Consider lowering the resolution if you’re having trouble running a game smoothly. Dropping the resolution from 1920×1080 (1080p) to 1080×720 (720p), for example, will improve FPS. This is a worthwhile tradeoff for games where performance is more important than appearance (such as competitive online games).
Fix 2: Use Fullscreen Mode
You can play in fullscreen, windowed, or borderless windowed modes in most games. Fullscreen is recommended for optimal performance.
This is due to the fact that apps and games in this mode have complete control over the screen output. While borderless windowed is more convenient, the game does not have display exclusivity in this mode, which means the frame rate may suffer.
Fix 3: Repair or Reinstall the Game
If you only have FPS issues with one game, it’s possible that corrupted files are to blame.
Certain games may have a Repair option (on Steam, this can be found by right-clicking, going to Properties > Local Files, and selecting Verify Integrity of Game Files) that can help.
Either way, you can try reinstalling the game to check if that improves performance.
Hardware Fixes for Low Game FPS
If you’ve tried everything above and your games are still running at a low frame rate, your hardware is most likely the problem.
In this case, you may want to consider upgrading your graphics card and other hardware to achieve higher frame rates.
Consider Overclocking Your Components
If you don’t have the funds to upgrade your PC’s components right now, overclocking your existing hardware may be an option.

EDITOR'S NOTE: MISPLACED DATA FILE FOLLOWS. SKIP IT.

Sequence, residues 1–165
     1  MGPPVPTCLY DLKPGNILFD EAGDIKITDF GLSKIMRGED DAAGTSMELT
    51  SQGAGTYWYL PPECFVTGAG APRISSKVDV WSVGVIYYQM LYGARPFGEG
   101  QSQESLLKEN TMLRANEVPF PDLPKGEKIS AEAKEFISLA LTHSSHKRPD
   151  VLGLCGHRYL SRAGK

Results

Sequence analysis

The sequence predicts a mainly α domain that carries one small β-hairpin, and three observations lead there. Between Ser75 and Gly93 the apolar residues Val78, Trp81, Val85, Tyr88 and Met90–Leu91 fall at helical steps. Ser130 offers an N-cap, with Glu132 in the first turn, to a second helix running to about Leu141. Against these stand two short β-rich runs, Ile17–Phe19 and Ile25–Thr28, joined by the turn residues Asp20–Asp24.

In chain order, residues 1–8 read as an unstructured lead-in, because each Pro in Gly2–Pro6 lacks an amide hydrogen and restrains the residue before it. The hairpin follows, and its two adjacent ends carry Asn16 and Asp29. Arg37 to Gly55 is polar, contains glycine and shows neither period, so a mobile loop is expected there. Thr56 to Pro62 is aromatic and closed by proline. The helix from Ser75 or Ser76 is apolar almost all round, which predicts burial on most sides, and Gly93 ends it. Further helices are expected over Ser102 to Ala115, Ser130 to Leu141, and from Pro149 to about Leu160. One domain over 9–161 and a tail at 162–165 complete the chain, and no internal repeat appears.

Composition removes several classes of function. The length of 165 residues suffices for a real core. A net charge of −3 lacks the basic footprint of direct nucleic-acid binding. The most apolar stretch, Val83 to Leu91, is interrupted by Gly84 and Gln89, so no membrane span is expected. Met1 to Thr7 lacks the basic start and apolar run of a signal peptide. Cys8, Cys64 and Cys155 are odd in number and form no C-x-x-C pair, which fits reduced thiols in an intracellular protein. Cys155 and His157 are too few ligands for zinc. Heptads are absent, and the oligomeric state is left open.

This allows you to get a little more power from what you already have for almost no money. Overclocking may appear to be risky, but it is completely safe if done correctly.
Upgrade Your Hardware
While the aforementioned tweaks are beneficial, they all have their limits, including overclocking. No matter what software changes you make, if your PC’s hardware is outdated, you may experience low game FPS.
It’s time to upgrade your hardware in that case. You may require a more powerful video card capable of handling higher-quality games, additional RAM to keep the game running smoothly, or a more powerful CPU.
Don’t forget that heat can have an impact on your hardware. If you’re having FPS issues after playing a game for a while, it’s possible that your system is overheating.
Open up your system and clean out any dust that has accumulated inside. You should also check that your computer has enough airflow.
We’ve looked at a few ways to improve your PC’s FPS. Hopefully, a combination of these will help you get your frame rate back to where it should be.
Finally, FPS issues are caused by a lack of system resources. This is true whether your computer is wasting resources on other processes or features, or if it lacks sufficient power, to begin with.
We hope our guide to fixing low game FPS in Windows 11 helped you. If you liked this, don’t forget to check out our gaming, troubleshooting, and computing guides. Furthermore, if you have any questions or suggestions, please use the comment below to contact us.